Mercury is a chemical element with symbol Hg and atomic number 80. It is commonly known as quicksilver and was formerly named hydrargyrum (/hˈdrɑrərəm/).[2] A heavy, silvery d-block element, mercury is the only metallic element that is liquid at standard conditions for temperature and pressure; the only other element that is liquid under these conditions is bromine, though metals such as caesium, gallium, and rubidium melt just above room temperature.

Mercury occurs in deposits throughout the world mostly as cinnabar (mercuric sulfide). The red pigment vermilion, a pure form of mercuric sulfide, is mostly obtained by reaction of mercury (produced by reduction from cinnabar) with sulfur. Mercury poisoning can result from exposure to water-soluble forms of mercury (such as mercuric chloride or methylmercury), inhalation of mercury vapor, or eating seafood contaminated with mercury.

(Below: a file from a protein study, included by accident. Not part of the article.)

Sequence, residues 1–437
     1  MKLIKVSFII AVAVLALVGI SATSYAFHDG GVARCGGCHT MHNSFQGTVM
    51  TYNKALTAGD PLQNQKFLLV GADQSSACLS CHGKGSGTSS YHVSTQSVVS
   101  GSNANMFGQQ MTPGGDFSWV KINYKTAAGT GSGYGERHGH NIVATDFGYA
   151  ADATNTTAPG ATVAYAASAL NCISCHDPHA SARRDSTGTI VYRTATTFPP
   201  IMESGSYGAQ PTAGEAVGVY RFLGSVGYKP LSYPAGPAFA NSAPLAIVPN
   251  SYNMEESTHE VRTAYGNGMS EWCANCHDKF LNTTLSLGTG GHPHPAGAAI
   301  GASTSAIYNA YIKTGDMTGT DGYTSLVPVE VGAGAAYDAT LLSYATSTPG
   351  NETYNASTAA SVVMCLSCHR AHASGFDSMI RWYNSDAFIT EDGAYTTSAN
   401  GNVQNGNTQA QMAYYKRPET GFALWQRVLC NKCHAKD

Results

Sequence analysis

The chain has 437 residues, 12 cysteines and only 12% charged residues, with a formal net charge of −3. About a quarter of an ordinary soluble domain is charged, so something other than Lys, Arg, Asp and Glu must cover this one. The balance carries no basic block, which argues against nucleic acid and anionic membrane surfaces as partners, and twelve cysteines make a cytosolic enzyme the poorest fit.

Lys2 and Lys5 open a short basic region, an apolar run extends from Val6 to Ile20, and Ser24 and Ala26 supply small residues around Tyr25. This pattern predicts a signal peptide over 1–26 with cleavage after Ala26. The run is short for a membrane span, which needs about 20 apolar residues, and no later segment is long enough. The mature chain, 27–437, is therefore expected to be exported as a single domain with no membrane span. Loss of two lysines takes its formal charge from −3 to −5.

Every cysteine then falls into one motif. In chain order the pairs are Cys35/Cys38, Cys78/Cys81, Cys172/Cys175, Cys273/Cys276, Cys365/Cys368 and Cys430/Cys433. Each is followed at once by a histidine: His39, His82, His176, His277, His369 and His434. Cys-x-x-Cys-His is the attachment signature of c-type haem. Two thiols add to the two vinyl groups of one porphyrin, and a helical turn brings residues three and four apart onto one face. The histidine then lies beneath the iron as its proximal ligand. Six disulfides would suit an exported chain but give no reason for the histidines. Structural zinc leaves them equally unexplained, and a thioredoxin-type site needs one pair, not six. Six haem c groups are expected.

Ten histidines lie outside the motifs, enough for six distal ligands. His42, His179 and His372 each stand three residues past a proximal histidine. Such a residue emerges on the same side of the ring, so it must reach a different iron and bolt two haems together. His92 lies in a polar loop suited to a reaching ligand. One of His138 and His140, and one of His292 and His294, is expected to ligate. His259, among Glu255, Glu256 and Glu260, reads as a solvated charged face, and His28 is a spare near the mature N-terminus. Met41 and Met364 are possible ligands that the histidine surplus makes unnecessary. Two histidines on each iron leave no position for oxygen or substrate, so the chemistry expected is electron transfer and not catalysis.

Mercury is used in thermometers, barometers, manometers, sphygmomanometers, float valves, mercury switches, mercury relays, fluorescent lamps and other devices, though concerns about the element's toxicity have led to mercury thermometers and sphygmomanometers being largely phased out in clinical environments in favour of alternatives such as alcohol- or galinstan-filled glass thermometers and thermistor- or infrared-based electronic instruments. Likewise, mechanical pressure gauges and electronic strain gauge sensors have replaced mercury sphygmomanometers. Mercury remains in use in scientific research applications and in amalgam material for dental restoration in some locales. It is used in lighting: electricity passed through mercury vapor in a fluorescent lamp produces short-wave ultraviolet light whic
h then causes the phosphor in the tube to fluoresce, making visible light.

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